Phillips-Hill was elected by her colleagues to serve as the Senate Majority Caucus Chair for the 2023-24 legislative session. In this leadership role, she will preside over Republican caucus meetings to develop caucus strategy and discuss bills and amendments.

The Senate will return to voting session on Monday, Jan. 9.

Phillips-Hill noted that residents are encouraged to visit her website at, her Facebook page at, her Twitter page at, her Instagram page at, her LinkedIn page at and her YouTube channel at There, they will find information on the latest legislative developments in Harrisburg, state programs and the latest happenings in the 28th District. She also hosts a podcast, Kristin’s Corner, featuring various guests who provide updates on legislation and other state-related news. More information can be found at


New maps: York County to be represented by Phillips-Hill, Regan in Senate of Pennsylvania

YORK – York County will move from having four state senators dividing the county to only two after the state’s Legislative Reapportionment Commission maps go into effect on Dec. 1, 2022.

Sens. Kristin Phillips-Hill (R-York) and Mike Regan (R-York/Cumberland) will serve as the two state senators for York Countians in the Senate of Pennsylvania for the 2023-24 session.

Through the reapportionment process, Phillips-Hill’s district will cover southern York County while Regan’s district will include the northern half of the county, as well as several municipalities in southern Cumberland County.

Phillips-Hill’s district moves her out of the following municipalities: York City, Manchester Township, West Manchester Township, and West York Borough, which will all be represented by Regan. Phillips-Hill will also pick up Jackson Township from Regan, as well as Hanover Borough, Penn Township and West Manheim Township, currently represented by Sen. Doug Mastriano (R-Franklin), and Springettsbury Township, represented by Sen. Chris Gebhard (R-Lebanon).

Regan’s district will now include the following municipalities currently represented by Sen. Gebhard: Conewago Township, East Manchester Township, Goldsboro, Lewisberry, Manchester Borough, Mount Wolf Borough, Newberry Township and York Haven.

“It is bittersweet to shift out of the City of York, West York Borough, Manchester and West Manchester townships as part of this process given the inroads we have made, but I know those residents will be well-served by Sen. Regan,” Phillips-Hill said. “I am very eager to get to work for the residents in Hanover Borough, and Jackson, Penn, Springettsbury, and West Manheim townships and continue to build on what we’ve been able to accomplish for southern York County.”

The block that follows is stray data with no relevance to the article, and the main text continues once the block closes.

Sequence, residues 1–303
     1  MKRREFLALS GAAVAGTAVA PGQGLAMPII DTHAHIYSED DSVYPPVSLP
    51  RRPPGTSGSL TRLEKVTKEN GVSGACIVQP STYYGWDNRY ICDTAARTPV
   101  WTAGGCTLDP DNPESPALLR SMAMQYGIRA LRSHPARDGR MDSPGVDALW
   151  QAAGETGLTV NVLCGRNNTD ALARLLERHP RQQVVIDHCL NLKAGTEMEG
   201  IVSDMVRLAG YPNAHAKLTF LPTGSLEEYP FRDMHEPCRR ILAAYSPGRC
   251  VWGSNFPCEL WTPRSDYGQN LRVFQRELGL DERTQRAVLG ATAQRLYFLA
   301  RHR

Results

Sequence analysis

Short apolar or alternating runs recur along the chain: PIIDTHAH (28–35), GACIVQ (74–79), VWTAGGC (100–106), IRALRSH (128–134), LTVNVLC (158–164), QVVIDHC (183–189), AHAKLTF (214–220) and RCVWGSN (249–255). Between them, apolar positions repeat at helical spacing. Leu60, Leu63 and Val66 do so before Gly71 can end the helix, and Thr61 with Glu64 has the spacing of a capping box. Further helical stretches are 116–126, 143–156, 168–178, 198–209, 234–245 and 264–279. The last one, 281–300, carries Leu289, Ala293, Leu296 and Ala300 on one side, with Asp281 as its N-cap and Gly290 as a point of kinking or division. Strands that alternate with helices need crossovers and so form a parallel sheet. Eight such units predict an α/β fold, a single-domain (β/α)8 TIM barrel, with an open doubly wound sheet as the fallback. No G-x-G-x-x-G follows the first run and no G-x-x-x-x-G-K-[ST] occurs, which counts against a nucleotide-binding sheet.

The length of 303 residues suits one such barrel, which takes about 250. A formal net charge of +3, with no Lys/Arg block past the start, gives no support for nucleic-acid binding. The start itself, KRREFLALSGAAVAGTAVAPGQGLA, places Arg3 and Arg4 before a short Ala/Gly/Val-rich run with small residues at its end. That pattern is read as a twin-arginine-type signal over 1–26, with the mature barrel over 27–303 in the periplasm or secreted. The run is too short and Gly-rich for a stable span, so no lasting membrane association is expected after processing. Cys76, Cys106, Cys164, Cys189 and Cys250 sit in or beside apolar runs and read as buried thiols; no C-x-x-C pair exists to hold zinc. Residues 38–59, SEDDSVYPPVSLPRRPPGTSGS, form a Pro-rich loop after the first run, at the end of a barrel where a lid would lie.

“I have been a resident of York County for over 25 years, and I look forward to continuing to represent York and Cumberland Counties in the Senate of Pennsylvania,” Regan said. “Since I was first elected to the House of Representatives in 2012, York County has been the pillar of my district, and I am excited about the new municipalities that fall in into the 31st Senatorial District and the work that lies ahead.”

More information on the 28th Senatorial District, represented by Phillips-Hill, here.

More information on the 31st Senatorial District, represented by Regan, here.

Phillips-Hill encourages public to engage with broadband map accuracy

SPRINGFIELD TWP – Sen. Kristin Phillips-Hill (R-York), as a member of the Pennsylvania Broadband Development Authority, is encouraging residents, businesses, and local governments to provide feedback to recently released maps by the Federal Communications Commission (FCC) that show areas served and unserved by high-speed internet.

“This is the first step in ensuring tax dollars are not squandered to overbuild broadband in areas that are already served, and, more importantly, to instead target those investments for individuals who lack access to high-speed internet,” Phillips-Hill said.

The Pennsylvania Broadband Development Authority, which is the state’s single point-of contact for the Commonwealth to drive out taxpayer dollars to eligible projects to improve access to high-speed internet in unserved and underserved communities. The FCC will dedicate resources based on states and areas with the greatest need based on data collected throughout the challenge process. 

The FCC map can be accessed at Residents, businesses, local governments, and broadband providers can submit challenges through the website.

The challenge process will run through January 13, 2023.

Senators Phillips-Hill and Regan Announce Funding for New Police HQ in York County